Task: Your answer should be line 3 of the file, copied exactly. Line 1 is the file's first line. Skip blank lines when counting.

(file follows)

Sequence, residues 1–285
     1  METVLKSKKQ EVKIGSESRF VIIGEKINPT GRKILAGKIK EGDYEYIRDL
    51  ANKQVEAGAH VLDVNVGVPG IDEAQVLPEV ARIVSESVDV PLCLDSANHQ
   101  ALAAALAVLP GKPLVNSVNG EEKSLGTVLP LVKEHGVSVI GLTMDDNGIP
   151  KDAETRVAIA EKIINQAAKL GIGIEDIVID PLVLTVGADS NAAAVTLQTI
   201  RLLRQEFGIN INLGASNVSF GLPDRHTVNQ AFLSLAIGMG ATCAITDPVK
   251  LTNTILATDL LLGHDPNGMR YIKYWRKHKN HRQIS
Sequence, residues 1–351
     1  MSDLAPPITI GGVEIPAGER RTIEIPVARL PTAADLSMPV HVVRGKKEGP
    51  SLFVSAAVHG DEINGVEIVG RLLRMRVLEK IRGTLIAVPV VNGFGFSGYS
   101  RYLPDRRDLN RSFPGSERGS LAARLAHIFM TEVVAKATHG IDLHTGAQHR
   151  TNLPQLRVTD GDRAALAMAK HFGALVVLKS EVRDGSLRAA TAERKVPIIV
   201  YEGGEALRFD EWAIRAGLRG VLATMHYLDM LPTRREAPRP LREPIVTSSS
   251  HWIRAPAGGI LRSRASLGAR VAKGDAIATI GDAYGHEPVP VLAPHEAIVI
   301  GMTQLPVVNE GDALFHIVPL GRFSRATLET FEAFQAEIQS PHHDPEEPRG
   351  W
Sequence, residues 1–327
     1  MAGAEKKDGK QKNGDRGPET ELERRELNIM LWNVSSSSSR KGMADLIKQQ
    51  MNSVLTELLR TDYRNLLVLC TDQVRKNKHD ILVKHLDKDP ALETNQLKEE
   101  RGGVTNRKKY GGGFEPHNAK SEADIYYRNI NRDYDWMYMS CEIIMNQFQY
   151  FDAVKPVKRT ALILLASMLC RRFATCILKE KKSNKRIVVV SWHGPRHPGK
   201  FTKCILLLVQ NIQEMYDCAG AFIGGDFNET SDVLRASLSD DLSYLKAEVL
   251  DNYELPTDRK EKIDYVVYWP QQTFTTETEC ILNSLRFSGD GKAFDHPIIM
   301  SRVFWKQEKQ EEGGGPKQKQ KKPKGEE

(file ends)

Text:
    51  ANKQVEAGAH VLDVNVGVPG IDEAQVLPEV ARIVSESVDV PLCLDSANHQ